Should you pursue a master’s degree? – perspectives from working in finance

Should you pursue a master’s degree if you were not successful in undergraduate finance recruiting? Or maybe you developed an interest in finance a bit later than your peers and are now considering a master’s degree to give yourself an opportunity to compete. Either way, this is a common dilemma that many students face.

Of course everyone has unique circumstances, but here are a few general principles to consider before making the substantial commitment of pursuing a master’s degree.

1. Self-Assessment

Why were you not successful in recruiting? It is critical to be honest about this because a master’s degree can address certain weaknesses, while there are others that a master’s degree is definitely not the solution. So ask yourself, will a master’s degree address why I was not successful in recruiting.

2. Buying Time

Students frequently pursue a master’s degree to buy more time because they may not be sure what they want to do. For students pursuing a one year master’s degree, this is a problem because the programs are so short and students find themselves having to make career decisions almost as soon as they matriculate, so they’re actually not gaining that much time.

3. Not All Master’s Degrees Are Equal

This is common-sense, but especially for finance recruiting, make sure you attend a target school for your master’s program, especially if your undergraduate university was not a target. Frankly, there are only a small number of finance-oriented master’s that are very strong and will help with recruiting at top financial institutions, give you a good educational experience, and allow you to build a network (e.g., finance focused master’s at places like the London School of Economics, MIT, Oxford, and Princeton to name a few). These types of programs are the exception. Unfortunately, the vast majority of other finance-oriented master’s programs will not be that strong and likely not that helpful in recruiting. Due diligence is critical.

4. Due Diligence

The reality is that business/finance-oriented master’s degree programs at many universities, even at many good universities, are viewed as cash cows and are not that focused on supporting students.

Given that, you should ask for employment reports/data of the programs you may be interested in attending. It’s important to review such data with a skeptical eye. You have to be critical because schools like to frame data in the most positive light or may be reporting on small sample size (e.g., only providing data of students that actually have employment and not including those that are still looking).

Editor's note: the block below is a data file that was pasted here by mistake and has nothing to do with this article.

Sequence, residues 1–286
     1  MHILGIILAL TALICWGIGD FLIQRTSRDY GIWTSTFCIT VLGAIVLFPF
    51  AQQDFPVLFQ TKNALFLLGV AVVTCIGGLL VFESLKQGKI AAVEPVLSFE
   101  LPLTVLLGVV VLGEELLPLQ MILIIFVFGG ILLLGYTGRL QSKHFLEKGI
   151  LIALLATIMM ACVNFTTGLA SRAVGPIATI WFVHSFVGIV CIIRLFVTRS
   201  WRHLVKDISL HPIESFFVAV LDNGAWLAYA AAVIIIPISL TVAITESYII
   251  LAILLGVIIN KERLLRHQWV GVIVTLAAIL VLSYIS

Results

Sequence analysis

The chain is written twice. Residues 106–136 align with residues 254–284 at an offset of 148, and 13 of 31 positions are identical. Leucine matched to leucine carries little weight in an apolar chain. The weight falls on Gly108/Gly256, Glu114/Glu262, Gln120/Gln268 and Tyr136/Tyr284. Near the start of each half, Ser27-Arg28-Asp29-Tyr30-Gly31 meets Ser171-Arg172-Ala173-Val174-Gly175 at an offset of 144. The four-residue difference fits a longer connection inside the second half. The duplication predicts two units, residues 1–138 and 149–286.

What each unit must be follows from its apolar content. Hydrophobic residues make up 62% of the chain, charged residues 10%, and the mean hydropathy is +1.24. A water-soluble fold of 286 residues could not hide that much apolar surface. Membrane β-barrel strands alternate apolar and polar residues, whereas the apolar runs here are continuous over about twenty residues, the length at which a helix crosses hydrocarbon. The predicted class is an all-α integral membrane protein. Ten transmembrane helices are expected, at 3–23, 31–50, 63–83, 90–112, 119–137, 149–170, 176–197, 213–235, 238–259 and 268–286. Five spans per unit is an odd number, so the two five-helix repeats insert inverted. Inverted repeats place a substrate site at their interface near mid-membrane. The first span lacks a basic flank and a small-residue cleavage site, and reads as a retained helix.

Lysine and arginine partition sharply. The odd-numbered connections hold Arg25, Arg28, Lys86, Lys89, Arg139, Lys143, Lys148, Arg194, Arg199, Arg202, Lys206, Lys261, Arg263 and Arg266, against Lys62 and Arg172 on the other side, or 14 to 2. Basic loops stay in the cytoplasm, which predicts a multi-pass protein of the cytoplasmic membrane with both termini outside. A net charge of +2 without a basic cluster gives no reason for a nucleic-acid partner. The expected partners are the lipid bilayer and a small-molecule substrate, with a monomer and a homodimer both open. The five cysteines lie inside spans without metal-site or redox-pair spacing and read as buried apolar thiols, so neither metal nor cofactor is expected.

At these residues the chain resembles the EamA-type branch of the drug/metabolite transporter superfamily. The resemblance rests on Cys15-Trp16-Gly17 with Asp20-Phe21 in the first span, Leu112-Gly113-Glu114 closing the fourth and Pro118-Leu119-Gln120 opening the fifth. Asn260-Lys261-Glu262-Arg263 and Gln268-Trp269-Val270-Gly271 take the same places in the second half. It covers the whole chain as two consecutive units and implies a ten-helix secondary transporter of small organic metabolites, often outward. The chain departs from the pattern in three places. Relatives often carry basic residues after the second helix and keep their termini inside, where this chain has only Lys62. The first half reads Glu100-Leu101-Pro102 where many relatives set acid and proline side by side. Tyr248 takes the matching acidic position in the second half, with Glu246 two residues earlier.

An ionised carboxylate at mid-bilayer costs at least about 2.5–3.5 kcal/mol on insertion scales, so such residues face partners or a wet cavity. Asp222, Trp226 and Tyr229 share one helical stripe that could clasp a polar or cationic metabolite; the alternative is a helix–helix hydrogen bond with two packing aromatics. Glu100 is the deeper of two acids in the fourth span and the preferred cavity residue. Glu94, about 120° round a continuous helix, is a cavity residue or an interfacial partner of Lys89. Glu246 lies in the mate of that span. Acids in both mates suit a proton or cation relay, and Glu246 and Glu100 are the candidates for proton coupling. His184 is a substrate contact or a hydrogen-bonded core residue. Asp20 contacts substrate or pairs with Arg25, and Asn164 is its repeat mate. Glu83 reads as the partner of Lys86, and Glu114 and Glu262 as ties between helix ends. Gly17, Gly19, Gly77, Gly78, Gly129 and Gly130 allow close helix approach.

Also, talk to as many current and former students as possible. Do your due diligence and consider this like you would an investment if you were analyst, because it is an investment in your life.

Finally, be sure to consider the demographics of the class such as class size, average age, experience level, etc to find where you fit. You may also want to consider the percentage of nationalities represented. For example, if you are planning to attend a US university and a majority or a sizeable minority of the class are from one particular foreign country, then be cautious. Frequently, in such situations, the university just wants to collect tuition fees and does not provide much student support, especially since it’s likely that many students will return to their home country after graduating. These are the type of educational environments to avoid.

5. Internships

For the finance role you are trying to land, do you need an internship? Most entry roles at investment banks, completing an internship is a key step in the process.

If so, then a one year master’s program may not help you and you should pursue a program that will allow you to intern. If you require a summer internship, then maybe an 18 month or two year program is most suitable. Alternatively, even if a one year program, perhaps the curriculum builds in an internship or maybe you can intern while in school, which is a real possibility if you attend a program near London, New York, or other large financial center.


A master’s degree can be helpful for finance recruiting, but it’s key to find the program that makes the most sense for you given your background and what support you might need.

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